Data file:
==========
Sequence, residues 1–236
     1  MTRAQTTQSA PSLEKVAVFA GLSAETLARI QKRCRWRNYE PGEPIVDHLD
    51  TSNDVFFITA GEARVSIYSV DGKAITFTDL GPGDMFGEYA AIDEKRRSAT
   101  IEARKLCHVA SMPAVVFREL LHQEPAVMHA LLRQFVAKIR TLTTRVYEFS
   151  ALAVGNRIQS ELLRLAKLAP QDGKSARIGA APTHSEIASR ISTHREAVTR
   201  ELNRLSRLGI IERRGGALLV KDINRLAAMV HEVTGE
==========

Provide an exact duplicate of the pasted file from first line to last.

Sequence, residues 1–236
     1  MTRAQTTQSA PSLEKVAVFA GLSAETLARI QKRCRWRNYE PGEPIVDHLD
    51  TSNDVFFITA GEARVSIYSV DGKAITFTDL GPGDMFGEYA AIDEKRRSAT
   101  IEARKLCHVA SMPAVVFREL LHQEPAVMHA LLRQFVAKIR TLTTRVYEFS
   151  ALAVGNRIQS ELLRLAKLAP QDGKSARIGA APTHSEIASR ISTHREAVTR
   201  ELNRLSRLGI IERRGGALLV KDINRLAAMV HEVTGE